What to do with silk cocoons 1: Spin the blaze!

One of my more knowledgeable friends (who loves working with silk) told me that the loose fluffy fibres around a silk cocoon–where the silkworm was just getting started on anchoring themselves in space and creating a scaffolding for the eventual cocoon–is called the ‘blaze’. She was planning to try spinning the blaze–and I decided to follow her example.  I had never seen this feature of a silk cocoon before growing my own.  I guess it is removed or destroyed when cocoons are dyed or prepared for sale.  But this puffy little cloud of fibre is rather lovely.


I tried spinning it by just drafting it away from the cocoons.


This sometimes meant several cocoons were caught up in my drafting, and occasionally one was dangling in mid-air, hanging from a filament so slender as to be invisible.


Here are the cocoons, now without their blaze.


And here is the resulting tiny three-ply skein with some cocoons for scale.


It’s pretty but tiny!



Filed under Fibre preparation, Spinning

10 responses to “What to do with silk cocoons 1: Spin the blaze!

  1. That is so cool. I love how the little cocoons look afterwards. Very decorative.


  2. SubmarineBells

    That spun blaze looks lovely and fluffy. Not enough to do much with, I suppose; but an interesting experiment just the same. Such a pretty colour, isn’t it?


    • Thanks for suggesting it! I look forward to seeing what you get. It is a pretty colour, and now that I’ve posted on spinning raw cocoons you’ll understand that I’m looking back on that fluffiness with fondness 🙂


      • SubmarineBells

        That second batch of cocoons you sent me are still waiting for me to get to them. The amount of blaze on both batches might produce enough thread for me to tie a bow around my finger! But it’ll be fun to try. 🙂 Regarding the spinning-from-soggy-cocoons thing… when I read that post just now, I was thinking that the “needs a lot of strength to draft” thing reminds me of one of the problems I had when I was attempting to reel the silk directly off the first batch of cocoons. When things were going smoothly, it took no real effort to draw the fibre off the cocoons – they sat in the water with their waterlogged weight providing just enough tension, and easily unrolled for me as I drew the silk off onto the niddy-noddy. But when things went wrong – when they stopped unrolling smoothly but got tangled and stuck together – that’s when I had what I think might be the same problem you describe. It was *just* possible to draw the tangled, stuck-together silk out into a finer thread, but was very effortful.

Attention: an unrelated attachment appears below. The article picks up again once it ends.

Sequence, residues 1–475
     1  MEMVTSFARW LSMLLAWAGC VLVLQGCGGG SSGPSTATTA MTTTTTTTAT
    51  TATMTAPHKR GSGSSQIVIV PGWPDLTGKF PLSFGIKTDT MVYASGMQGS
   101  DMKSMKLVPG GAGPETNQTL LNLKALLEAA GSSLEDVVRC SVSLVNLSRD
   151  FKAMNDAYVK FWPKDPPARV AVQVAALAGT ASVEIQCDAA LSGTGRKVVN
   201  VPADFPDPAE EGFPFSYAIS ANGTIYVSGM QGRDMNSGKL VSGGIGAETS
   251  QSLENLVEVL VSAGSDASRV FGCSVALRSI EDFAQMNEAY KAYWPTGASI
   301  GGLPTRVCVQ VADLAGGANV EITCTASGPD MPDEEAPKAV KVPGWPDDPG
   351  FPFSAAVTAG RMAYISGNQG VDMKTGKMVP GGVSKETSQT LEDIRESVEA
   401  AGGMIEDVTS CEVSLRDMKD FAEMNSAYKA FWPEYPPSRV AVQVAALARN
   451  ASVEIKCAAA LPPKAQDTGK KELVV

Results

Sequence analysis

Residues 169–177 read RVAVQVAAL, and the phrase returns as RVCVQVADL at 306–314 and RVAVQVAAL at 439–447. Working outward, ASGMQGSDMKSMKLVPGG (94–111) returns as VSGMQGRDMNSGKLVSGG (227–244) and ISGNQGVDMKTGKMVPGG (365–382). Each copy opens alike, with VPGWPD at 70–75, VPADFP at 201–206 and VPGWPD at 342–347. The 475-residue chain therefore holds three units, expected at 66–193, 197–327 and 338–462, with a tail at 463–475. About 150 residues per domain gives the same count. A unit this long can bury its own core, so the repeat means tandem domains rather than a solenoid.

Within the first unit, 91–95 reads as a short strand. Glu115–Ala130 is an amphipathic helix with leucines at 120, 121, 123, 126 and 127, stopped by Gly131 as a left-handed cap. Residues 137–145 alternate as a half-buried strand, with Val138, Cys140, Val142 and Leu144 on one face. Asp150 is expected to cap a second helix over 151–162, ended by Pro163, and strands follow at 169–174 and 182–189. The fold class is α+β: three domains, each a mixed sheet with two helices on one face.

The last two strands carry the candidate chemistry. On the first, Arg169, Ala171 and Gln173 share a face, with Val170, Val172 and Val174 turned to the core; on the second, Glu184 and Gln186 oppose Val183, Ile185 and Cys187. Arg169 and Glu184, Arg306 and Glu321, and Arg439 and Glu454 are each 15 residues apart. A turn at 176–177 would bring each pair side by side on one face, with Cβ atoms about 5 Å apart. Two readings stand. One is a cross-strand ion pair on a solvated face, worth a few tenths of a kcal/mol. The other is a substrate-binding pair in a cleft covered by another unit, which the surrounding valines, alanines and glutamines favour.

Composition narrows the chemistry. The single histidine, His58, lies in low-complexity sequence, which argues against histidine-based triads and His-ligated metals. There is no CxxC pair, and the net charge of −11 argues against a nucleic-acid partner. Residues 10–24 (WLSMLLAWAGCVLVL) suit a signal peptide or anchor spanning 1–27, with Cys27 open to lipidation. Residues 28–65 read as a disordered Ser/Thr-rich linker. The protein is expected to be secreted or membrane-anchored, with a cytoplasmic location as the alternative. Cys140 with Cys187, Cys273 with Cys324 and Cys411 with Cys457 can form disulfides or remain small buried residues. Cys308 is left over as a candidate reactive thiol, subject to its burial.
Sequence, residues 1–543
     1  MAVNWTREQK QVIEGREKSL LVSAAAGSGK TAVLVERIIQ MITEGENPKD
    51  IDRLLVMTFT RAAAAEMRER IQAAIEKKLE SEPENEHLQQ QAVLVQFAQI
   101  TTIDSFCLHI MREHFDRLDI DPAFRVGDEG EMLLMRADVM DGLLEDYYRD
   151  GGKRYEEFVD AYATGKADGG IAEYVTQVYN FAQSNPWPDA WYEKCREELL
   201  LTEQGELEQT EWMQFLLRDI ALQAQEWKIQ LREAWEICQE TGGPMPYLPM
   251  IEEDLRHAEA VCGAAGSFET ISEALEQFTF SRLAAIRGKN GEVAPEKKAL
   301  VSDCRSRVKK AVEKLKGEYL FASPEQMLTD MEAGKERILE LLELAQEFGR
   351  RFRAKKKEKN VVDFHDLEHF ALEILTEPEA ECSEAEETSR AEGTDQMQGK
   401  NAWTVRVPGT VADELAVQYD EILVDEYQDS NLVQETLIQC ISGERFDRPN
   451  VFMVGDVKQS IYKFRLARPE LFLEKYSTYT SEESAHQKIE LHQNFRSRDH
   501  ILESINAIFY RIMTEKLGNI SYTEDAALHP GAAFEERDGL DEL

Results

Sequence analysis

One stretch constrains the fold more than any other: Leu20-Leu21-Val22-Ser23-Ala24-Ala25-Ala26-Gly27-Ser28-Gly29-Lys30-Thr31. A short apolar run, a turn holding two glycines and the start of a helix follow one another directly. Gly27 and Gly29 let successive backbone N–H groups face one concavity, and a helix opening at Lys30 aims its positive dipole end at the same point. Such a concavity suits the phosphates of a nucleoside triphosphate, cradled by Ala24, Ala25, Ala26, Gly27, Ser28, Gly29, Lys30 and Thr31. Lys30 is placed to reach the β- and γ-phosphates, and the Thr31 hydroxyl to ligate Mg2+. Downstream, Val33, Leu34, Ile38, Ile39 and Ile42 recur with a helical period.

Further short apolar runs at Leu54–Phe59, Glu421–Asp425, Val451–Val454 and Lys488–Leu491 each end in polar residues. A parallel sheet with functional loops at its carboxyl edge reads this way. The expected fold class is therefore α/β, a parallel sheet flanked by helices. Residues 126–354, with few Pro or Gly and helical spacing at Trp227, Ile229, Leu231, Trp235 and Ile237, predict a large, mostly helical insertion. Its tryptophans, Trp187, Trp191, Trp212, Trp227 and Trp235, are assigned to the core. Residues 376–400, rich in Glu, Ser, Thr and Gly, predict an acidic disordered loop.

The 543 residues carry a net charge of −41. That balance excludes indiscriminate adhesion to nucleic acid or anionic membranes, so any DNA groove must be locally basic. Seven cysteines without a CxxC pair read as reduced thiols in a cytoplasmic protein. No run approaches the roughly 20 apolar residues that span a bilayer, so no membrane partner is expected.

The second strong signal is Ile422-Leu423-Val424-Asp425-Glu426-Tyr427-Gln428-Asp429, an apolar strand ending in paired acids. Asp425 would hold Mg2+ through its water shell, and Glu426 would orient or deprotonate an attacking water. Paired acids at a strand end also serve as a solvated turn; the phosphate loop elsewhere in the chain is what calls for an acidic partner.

My guess (which I’m going to test with the second batch) is that if I’m more careful about getting the “correct” thread to reel, and a bit gentler with the cocoons in the earlier stages of the process, I may have fewer tangle problems early on. I guess I’ll see. But something I did that helped hugely with the reeling process was feeding the silk threads up through a hole in a large button suspended directly above the water pot, before coming back down to be reeled onto the niddy-noddy. It really did help reduce tangles and keep the process (somewhat) manageable. Is some version of that idea at all useful for you to try when spinning directly off the cocoon?

        And yeah, gotta keep the silk warm and wet or the gum hardens again. That way lies madness!


      • I had some moments in the process of spinning these cocoons, and of degumming (more on that later), that made me think I might understand the way you described reeling. Some parts did go smoothly, and sometimes I clearly had at least one thread reeling off a cocoon as I went. I did keep them wet but I didn’t keep them warm, and that might be a big clue right there! Best to avoid the way madness lies 🙂


      • PS Photos of the bow around your finger! Please?


  3. SubmarineBells

    I’ll see what I can do. 🙂


  4. They look like something that are created by and would require fairy-magic!


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